Protest to the Libertarians of the Present and the Future About the Capitulations of 1937

I am one of those who was rescued from San Miguel de las Reyes, the sinister penitentiary that was elevated by the monarchy to bury alive the men who — because they were not cowards — never submitted to the infamous laws that the powerful dictate to the oppressed. They took me down below, like so many others, for having committed an offense, for rebelling against the humiliations of which an entire village was the victim: in other words, for killing a "leader."[1]

I was young, and I am young now, since I entered prison at 23 and I left — because anarchists opened the doors — when I was 34. Eleven years submitted to the punishment of not being a man, of being a thing, of being a number!

'High-Value' Detainees Were Held in Secret CIA Detention Centres in
Poland and Romania
PACE Committee


Strasbourg, June 8, 2007 – So-called US "high-value" detainees (HVD) –
whose existence were revealed by President Bush in September 2006 –
were held in secret CIA detention centres in Poland and Romania
between 2002 and 2005, according to a report of the Legal Affairs
Committee of the Council of Europe Parliamentary Assembly (PACE)
adopted today.


The report was based in part on the cross-referenced testimonies of
over 30 serving and former members of intelligence services in the US
and Europe, and on a new analysis of computer "data strings" from the
international flight planning system.

NLG Calls "Terrorism Enhancement" Chilling to Free Speech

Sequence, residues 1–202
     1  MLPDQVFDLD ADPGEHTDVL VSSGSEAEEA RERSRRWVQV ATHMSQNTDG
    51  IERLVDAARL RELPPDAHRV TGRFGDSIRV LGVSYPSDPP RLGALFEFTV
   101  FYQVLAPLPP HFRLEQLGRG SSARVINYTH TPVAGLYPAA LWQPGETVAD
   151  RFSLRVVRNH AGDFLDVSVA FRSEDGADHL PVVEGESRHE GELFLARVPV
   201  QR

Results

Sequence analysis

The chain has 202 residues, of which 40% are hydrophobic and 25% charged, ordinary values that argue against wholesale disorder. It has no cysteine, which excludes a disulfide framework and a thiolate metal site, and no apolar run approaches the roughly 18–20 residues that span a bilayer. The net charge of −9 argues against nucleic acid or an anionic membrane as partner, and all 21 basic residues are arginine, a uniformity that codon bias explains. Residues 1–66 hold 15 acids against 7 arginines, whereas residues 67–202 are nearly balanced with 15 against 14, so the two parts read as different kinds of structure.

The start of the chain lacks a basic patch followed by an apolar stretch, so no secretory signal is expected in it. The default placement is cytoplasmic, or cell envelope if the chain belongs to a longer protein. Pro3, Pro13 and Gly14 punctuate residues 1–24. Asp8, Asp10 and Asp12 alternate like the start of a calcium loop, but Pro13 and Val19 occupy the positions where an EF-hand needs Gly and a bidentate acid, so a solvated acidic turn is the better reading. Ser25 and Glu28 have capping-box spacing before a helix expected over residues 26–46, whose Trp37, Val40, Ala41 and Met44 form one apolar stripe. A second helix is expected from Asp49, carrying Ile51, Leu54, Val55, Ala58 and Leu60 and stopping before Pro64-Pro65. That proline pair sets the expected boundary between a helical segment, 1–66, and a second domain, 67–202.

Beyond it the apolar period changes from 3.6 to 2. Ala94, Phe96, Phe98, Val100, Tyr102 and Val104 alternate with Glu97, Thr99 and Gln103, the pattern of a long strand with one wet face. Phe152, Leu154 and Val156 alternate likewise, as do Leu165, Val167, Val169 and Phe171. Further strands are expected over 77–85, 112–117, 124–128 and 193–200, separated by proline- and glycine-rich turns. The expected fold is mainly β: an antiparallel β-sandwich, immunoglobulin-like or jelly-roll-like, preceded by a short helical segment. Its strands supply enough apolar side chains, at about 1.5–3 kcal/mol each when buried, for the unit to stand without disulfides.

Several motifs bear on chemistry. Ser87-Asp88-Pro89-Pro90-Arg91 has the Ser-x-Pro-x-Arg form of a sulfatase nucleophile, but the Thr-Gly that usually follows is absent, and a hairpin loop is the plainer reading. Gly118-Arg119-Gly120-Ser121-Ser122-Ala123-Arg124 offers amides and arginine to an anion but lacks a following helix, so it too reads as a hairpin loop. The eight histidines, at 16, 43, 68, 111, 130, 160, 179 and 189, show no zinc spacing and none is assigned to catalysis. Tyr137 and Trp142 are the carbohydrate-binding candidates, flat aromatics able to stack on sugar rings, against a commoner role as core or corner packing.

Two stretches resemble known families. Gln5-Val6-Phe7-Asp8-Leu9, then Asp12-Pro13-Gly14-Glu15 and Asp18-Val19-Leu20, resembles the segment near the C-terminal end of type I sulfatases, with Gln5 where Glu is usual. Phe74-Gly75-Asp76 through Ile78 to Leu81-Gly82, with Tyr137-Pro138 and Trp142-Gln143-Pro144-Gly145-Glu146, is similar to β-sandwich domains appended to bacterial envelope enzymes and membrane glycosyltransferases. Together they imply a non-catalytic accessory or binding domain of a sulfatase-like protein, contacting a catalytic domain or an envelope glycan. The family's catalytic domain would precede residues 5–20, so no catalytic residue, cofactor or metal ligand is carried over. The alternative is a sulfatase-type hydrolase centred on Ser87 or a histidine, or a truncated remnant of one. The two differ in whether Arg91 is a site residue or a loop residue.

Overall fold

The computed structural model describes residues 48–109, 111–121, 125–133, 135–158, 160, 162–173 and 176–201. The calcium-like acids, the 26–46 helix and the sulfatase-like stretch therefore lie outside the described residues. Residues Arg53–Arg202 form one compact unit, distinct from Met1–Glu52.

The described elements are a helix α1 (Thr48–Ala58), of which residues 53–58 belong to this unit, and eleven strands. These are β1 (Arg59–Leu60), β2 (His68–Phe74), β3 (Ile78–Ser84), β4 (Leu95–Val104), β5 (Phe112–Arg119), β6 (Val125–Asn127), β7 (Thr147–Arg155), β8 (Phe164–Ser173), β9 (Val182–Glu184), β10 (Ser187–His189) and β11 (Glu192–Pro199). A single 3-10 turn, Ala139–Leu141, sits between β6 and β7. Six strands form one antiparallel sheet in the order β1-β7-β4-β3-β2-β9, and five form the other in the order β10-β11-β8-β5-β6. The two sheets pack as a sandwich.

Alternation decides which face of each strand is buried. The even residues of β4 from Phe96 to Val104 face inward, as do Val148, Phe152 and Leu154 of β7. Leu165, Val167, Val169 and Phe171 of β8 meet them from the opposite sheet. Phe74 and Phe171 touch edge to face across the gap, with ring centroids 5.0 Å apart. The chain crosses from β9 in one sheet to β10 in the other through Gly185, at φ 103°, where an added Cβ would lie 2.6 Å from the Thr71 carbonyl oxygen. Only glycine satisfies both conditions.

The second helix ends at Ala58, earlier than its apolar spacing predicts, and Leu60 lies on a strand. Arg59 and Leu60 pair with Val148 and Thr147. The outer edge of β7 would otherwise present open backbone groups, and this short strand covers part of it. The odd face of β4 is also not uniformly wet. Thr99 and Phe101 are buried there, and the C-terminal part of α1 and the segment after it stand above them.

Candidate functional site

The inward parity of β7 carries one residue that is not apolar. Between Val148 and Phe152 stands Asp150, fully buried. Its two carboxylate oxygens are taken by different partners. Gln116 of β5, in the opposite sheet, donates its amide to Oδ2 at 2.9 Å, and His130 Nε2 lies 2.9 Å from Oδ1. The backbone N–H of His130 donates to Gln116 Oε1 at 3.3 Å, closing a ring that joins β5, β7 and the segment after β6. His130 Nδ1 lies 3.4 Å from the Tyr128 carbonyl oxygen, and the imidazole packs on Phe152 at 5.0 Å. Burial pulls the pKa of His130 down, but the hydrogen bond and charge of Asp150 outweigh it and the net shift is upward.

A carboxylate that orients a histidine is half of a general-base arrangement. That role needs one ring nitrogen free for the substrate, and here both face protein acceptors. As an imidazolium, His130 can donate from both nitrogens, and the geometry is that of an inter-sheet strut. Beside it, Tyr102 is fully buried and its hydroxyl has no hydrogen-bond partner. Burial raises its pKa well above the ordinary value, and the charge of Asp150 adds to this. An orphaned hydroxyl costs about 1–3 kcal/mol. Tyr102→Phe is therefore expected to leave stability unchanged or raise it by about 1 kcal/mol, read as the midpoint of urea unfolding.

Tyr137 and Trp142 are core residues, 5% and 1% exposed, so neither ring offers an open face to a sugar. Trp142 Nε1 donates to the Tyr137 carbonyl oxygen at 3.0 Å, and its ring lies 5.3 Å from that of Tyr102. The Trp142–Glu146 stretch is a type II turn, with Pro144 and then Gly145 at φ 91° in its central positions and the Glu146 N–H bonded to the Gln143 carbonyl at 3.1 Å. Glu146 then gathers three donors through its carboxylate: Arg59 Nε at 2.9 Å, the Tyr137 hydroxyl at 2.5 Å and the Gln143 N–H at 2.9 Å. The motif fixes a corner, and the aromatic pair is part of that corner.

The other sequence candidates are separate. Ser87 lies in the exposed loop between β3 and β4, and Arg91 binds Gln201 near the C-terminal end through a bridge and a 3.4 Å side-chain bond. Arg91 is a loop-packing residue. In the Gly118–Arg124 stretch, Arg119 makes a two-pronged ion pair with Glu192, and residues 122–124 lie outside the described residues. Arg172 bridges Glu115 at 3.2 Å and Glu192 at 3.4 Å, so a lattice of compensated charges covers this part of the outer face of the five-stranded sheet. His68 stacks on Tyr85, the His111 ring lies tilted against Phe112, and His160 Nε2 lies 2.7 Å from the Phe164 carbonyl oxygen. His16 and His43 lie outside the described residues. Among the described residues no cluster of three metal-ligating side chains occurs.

The National Lawyers Guild calls the terrorism sentencing enhancement issued to Daniel McGowan yesterday an unnecessary and excessive government tactic to discourage the exercise of free speech. U.S. District Court Judge Ann Aiken sentenced McGowan to seven years in prison, calling one of the fires an act of terrorism because of a communication issued after the first that referred to potential legislation aimed at activists
(which would indicate an attempt to influence the government). McGowan was one of four defendants who plead guilty with the understanding that they would not implicate others who took part in similar actions.

Ten activists plead guilty to committing property crimes-most of which were arsons-that carry average sentences ranging from 5-8 years in prison. The terrorism enhancement, Section 3A1.4 of federal Sentencing Guidelines, can add 20 years to each of the sentences laid out in the plea agreements. Formal sentencing began on May 22 and continued through today.

National Lawyers Guild Executive Director Heidi Boghosian says, "Is this what a terrorist is? Applying terrorism enhancement to property crimes where the perpetrators went out of their way to minimize the risk to human life makes little sense as a matter of law or common sense. Americans know the difference between Daniel McGowan and Osama bin Laden, and this effort to subvert the fairness of the judicial system is an affront to the values they hold dear."

At The Borders Of Europe

Etienne Balibar